Now that the post budget excitement is beginning to abate we can start to think about other points rather than total DC encashment.
I agree that the expected legislation allowing full encashment of DC funds is fundamental. I also agree that greater choice and freedom together with education and necessary controls are good. In fact there is a strong case for a limited extension in certain circumstances below retirement age if only to reduce the attractiveness of liberation scams for the needy.
What I’m less sold on are the Chancellor’s motives, the net impact on the public purse on the medium to short term and whether it will have any great impact other than around the margins. There are other changes that, although they could perhaps go further, will help deal with small pots and benefits. There are considerable relaxations to the drawdown regulations not to mention the possibility that all trust based DC scheme will have to offer drawdown. The people in the middle who have sufficient pension or fund value to provide a reasonable income in retirement tend to be the most inert, they saved for a reason and will accept what is provided. I really don’t think this will change things as much as early commentary (both for and against) would suggest.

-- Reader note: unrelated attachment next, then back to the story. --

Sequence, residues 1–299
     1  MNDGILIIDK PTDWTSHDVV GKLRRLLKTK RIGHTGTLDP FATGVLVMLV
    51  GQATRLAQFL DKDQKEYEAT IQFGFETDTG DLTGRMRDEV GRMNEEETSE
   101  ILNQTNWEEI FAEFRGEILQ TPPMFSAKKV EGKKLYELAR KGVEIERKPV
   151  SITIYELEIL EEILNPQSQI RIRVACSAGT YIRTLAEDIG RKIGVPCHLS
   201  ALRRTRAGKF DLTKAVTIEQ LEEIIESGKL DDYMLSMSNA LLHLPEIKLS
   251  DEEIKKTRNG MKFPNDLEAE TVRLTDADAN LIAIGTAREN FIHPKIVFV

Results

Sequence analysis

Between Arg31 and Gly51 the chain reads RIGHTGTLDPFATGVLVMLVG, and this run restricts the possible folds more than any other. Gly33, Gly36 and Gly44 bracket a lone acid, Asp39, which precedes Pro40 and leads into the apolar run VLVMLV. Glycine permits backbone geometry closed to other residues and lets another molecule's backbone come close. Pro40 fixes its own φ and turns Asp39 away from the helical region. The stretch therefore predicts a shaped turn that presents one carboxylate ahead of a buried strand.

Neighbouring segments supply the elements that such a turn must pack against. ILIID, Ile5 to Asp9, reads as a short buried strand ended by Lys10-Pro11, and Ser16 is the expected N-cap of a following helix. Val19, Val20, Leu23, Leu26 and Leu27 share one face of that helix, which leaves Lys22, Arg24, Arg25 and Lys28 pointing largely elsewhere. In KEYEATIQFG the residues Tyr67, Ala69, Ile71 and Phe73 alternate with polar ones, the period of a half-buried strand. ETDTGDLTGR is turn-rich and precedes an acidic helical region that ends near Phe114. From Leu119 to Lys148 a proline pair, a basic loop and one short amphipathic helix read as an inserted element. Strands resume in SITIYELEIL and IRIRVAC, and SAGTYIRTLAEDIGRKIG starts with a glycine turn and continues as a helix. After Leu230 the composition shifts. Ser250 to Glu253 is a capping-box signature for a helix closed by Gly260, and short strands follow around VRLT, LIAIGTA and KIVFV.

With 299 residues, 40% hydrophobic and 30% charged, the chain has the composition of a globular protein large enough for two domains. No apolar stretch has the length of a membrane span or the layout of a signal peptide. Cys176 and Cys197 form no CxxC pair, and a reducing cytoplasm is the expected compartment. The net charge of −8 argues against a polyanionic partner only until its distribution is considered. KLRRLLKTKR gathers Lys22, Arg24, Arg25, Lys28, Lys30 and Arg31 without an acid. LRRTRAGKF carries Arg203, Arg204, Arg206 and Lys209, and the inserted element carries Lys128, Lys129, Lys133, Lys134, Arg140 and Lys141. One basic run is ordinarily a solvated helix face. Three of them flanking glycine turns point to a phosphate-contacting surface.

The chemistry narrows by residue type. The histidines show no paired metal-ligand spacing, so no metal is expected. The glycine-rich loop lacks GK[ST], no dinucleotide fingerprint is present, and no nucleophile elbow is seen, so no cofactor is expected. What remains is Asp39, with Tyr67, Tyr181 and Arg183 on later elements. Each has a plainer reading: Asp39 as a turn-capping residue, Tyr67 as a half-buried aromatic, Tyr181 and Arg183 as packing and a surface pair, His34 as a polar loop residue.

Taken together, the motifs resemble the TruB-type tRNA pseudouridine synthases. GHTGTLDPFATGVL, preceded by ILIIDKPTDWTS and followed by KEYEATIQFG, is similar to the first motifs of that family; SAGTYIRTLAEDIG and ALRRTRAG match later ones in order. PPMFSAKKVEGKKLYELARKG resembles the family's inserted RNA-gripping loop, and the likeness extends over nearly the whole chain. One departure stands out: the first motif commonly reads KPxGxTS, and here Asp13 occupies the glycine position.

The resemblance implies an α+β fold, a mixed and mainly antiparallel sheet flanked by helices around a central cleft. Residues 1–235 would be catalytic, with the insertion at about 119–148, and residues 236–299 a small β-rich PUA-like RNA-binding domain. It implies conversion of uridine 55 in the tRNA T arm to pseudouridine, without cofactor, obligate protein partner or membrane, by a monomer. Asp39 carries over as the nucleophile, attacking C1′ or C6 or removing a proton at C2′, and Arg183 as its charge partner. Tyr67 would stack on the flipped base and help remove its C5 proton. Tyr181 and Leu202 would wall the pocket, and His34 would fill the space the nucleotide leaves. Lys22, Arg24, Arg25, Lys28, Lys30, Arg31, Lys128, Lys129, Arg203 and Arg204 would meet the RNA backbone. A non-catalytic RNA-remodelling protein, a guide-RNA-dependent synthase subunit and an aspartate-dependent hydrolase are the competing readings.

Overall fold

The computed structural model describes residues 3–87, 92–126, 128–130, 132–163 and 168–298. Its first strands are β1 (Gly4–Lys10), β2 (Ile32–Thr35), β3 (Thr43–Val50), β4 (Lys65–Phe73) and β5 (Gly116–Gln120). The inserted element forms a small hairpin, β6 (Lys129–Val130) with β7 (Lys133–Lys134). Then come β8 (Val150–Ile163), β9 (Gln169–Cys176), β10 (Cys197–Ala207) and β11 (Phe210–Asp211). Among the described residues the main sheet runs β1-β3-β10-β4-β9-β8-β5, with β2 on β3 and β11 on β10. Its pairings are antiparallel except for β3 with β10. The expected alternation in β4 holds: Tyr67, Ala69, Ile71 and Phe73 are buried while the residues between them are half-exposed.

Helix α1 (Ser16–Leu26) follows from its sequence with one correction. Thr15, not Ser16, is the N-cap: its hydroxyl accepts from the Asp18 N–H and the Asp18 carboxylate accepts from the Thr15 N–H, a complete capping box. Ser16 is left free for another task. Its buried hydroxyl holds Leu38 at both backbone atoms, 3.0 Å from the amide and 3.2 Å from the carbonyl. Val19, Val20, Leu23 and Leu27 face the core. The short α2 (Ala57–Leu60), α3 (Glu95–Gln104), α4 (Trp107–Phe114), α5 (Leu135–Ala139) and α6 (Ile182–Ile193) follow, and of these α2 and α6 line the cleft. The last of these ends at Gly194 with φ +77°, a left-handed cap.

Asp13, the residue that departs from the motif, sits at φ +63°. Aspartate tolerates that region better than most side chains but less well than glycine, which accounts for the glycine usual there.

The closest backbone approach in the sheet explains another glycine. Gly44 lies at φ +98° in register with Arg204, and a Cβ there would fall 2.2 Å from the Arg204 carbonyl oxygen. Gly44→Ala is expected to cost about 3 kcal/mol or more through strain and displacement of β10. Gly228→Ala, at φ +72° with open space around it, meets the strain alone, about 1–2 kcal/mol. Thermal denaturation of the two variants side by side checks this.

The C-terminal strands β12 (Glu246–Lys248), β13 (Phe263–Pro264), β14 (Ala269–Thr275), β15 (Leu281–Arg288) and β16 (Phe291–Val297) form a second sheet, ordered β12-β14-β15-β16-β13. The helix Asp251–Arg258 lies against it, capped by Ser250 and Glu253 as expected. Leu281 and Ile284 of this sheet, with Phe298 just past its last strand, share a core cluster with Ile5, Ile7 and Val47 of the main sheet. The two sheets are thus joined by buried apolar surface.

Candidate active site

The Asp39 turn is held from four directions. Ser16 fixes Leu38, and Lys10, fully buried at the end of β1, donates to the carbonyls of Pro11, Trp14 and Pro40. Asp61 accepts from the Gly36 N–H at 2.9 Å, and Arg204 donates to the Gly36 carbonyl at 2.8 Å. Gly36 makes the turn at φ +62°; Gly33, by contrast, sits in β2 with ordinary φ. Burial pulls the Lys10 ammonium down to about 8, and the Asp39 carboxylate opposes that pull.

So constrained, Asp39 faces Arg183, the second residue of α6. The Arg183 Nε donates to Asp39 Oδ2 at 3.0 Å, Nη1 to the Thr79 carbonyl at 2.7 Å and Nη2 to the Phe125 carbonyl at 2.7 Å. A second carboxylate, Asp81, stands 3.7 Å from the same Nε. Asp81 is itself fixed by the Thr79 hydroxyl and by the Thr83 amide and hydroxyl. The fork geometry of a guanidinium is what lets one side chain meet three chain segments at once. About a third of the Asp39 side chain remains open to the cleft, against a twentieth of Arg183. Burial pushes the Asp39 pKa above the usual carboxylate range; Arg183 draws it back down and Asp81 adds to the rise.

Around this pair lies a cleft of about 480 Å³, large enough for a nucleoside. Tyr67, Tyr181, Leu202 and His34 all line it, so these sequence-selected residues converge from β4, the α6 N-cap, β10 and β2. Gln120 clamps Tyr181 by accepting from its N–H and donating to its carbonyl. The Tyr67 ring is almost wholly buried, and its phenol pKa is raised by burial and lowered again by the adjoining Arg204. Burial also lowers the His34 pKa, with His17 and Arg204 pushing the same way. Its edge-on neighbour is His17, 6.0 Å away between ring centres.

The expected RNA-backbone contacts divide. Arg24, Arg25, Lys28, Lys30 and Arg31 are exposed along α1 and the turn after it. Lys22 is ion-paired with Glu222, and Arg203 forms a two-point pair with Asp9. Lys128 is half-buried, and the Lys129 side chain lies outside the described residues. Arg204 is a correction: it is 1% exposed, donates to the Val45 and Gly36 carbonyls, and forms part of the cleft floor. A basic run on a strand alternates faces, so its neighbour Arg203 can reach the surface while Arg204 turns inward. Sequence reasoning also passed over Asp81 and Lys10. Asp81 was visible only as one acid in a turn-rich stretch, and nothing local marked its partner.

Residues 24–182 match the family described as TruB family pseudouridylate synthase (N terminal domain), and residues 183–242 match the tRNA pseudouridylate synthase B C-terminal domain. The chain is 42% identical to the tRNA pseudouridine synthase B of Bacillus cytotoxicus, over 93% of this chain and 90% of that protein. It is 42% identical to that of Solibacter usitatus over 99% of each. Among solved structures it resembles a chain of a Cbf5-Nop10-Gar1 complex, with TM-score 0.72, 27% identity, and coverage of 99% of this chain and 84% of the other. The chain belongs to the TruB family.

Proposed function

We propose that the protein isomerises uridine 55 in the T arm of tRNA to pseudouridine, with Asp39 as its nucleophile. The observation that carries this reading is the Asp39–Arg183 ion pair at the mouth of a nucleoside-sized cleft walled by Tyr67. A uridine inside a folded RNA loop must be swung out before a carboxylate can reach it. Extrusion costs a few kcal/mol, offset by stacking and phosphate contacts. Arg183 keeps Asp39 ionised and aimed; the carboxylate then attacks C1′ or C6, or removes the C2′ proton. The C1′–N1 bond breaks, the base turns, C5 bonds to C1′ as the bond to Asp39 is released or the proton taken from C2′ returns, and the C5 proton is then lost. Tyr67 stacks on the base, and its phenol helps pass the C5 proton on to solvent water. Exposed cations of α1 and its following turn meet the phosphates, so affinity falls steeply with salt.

In my opinion the proposed changes to trivial commutation regulations could be far more important, at least in the DB universe. With near immediate effect the trivial commutation limit will increase from £18,000 to £30,000 (including DB Schemes) which in itself should lead to a significant saving in disproportionate payroll costs for a lot of DB schemes and the lack of options available for DC members with small points. I think this is an area for Trustee awareness and communication to members; neither the receipt nor payment of such small pensions are in anyone’s interest.
The further extension to the commutation of very small funds (from £2k to £10k) without consideration of other funds could also be helpful to many however, this allowance applies in such prescribed circumstances it can be very difficult to take advantage of.
Where the changes could be of most benefit is if the Wind Up Lump Sum limit is increased analogous to the trivial commutation limit, which has yet to be confirmed. The costs and complexity of wind up and buy out are largely fixed and therefore can be extremely disproportionate for smaller funds, any additional freedom and choice given to members and trustees with regards to small benefits could make the whole process smoother, cheaper and more efficient.